Unlocking Boundless Potential: A Valuable Learning Experience with IMU’s MSc in Public Health

When I first applied for the Master of Science in Public Health (MSPH) degree at IMU, I went in with expectations to learn the core disciplines of public health such as epidemiology, health policy, management and biostatistics. Not only did the course meet my expectations by setting a strong foundation in public health with modules relating to social and behavioural health, and health economics, I was also provided with a comprehensive crash course in research methodology that continues to help as a blueprint for conducting research in the field of medical science.


Furthermore, the modules were not only multidisciplinary with different playing fields of public health merging into each other, the lectures and following discussions were heavily nuanced and updated with recent scientific developments especially relating to the Covid-19 pandemic.


Rather than just being theory-based and book-learning based which I am used to, the learning materials utilised practical field visits, presentations and open discussions with lecturers and colleagues alike which I found extremely enlightening. As a student, I was encouraged to tailor my discussions, presentations, and arguments drawing from my experiences and background in Microbiology and Psychology. The diverse background of MSPH students from different parts of the world that included scientists, medical doctors and lab specialists allowed for a multidimensional learning environment.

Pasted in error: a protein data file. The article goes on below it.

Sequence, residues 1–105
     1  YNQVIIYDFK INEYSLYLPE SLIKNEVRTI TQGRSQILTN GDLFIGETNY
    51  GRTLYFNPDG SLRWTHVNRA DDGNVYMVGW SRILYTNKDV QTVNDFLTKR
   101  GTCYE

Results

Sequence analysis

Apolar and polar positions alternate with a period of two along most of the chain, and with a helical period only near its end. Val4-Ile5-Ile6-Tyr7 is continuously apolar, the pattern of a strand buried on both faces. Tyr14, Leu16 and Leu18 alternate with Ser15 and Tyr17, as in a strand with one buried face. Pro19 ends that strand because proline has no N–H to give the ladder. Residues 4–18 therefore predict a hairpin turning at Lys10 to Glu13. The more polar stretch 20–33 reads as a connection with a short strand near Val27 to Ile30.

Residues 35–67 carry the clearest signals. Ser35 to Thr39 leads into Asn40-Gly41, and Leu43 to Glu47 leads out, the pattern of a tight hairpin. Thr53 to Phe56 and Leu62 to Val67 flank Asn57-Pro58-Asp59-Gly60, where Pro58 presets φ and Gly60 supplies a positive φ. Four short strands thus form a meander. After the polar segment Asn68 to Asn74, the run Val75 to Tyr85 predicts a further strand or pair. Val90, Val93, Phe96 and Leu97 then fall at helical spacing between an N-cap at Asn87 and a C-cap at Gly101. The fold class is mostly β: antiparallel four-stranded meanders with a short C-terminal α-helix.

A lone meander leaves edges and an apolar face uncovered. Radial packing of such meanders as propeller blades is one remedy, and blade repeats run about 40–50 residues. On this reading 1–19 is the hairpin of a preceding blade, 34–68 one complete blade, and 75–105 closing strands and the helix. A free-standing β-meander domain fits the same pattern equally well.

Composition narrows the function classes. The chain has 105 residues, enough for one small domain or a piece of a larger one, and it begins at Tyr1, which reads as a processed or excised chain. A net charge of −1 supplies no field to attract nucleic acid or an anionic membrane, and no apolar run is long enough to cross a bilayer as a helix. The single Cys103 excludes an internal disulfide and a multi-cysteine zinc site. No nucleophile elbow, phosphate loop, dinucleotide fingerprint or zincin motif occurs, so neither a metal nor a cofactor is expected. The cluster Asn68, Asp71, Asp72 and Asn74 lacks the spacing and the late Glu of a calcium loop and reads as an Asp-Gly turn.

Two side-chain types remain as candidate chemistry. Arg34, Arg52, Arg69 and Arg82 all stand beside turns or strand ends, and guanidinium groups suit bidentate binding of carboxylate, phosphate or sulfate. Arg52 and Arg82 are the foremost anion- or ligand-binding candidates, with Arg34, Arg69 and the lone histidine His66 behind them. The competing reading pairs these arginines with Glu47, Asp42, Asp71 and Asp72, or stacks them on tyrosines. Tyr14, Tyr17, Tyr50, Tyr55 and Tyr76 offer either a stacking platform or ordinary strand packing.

As an international student, I also had the opportunity of learning more about the Public Health system in Malaysia through our field visits and field attachments and our elective attachments. The professional experience and memories of these visits and attachments will sit with me for a very long time.


One of my apprehensions before the commencement of the course was whether I would be able to effectively communicate and assimilate in a new environment, as I came from a different culture and country. This apprehension quickly dissipated once I met the lecturers of the programme who were very friendly and generous with their help and advice. I was very easily able to form a healthy mentor-mentee relationship with all the lecturers who were with me every step of the way. This made the task of completing an entire research project within the stipulated timing of 6-12 months much less daunting because my assigned supervisor and other lecturers were very helpful.


All in all, this entire experience is something I will cherish for a very long time and draw from for every aspect of my learning journey and career. Every discussion, presentation, field visit, practical class and interaction has been a valuable learning moment for me and something that I wish to pass on and share.

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